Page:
Tucked away in a rural corner of upstate New York, straddling the U.S.-Canada border, and 90 minutes south of Montreal, is a growing mecca of legal cannabis on the St. Regis Mohawk Reservation, known as Akwesasne to the locals.
Because the reservation is federally recognized as sovereign land, by both the United States and Canada, it exists within a legal gray area that technically makes it possible for Canadian-made cannabis to enter the United States without passing through customs.
Last week I traveled to the area based on a rumor that the tribal dispensaries were selling Canadian product. New York State Route 37 cuts through the southern portion of the reservation for ten miles before heading north to the Canadian border, along which there are easily about two-dozen shops selling cannabis to any traveler with an empty pipe.
Visitors can quickly find a plethora of cannabis products on this 33 square mile patch of native american sovereign land blurring the U.S.-Canada border.
By the time I lost count, I had already identified two-dozen shops across the reservation. Almost all of them were along Route 37. Prices are low and the reservation levies no taxes – a key attraction for cannabis consumers in the middle of nowhere.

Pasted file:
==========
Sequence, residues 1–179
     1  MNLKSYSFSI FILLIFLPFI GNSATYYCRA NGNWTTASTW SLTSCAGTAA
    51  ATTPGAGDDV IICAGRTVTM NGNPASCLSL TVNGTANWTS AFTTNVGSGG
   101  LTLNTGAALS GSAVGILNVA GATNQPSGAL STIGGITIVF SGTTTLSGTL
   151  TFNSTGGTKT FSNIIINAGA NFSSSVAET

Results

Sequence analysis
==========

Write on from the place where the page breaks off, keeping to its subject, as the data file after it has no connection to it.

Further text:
Not only that, given the lack of strict regulation, there is a wide variety of products beyond the Two-Looney pre-rolls I found in a shop along the St. Lawrence River. At current exchange rates, that means Americans can get a 0.5 gram joint for US$1.52.
Beyond savings, two shops offered cocktails that were sugary or coffee-based, allowing the consumer to pick their preferred dose, ranging from five milligrams to a brain clouding 2,000 mg. Another shop had a modified Slush Puppy machine: A simple slushie costs $3, but for $10 you can get it with 75 mg of THC.
After a brief survey of shops in the area, I found most places sold grams for $10-$13, though they could be found as inexpensive as $6. You can buy a whole ounce for $80. Edibles can be bought as cheap as $5, while a common offering is 1,000 mg of THC per package – far beyond what most American legal markets offer.
There is also no standard for the type of shop you may encounter. There are tiny shops in over-sized buildings, shops with sparse interiors that did not always match their slick exterior. At least two shops that were closer to the “Apple Store” aesthetic, and at least one operated out of a shipping container.
Adult use cannabis was legalized by the New York State legislature on March 31, 2021. Since then the state has been busy writing regulations and running a license application process, finally accepting dispensary applications in early August 2022. That means that the first legal adult use sales in New York are months away.
In contrast, the St. Regis Mohawk Council, jumped right into their own round of rule making in April 2021, kicking off their official reservation legal sales on April 15, 2022.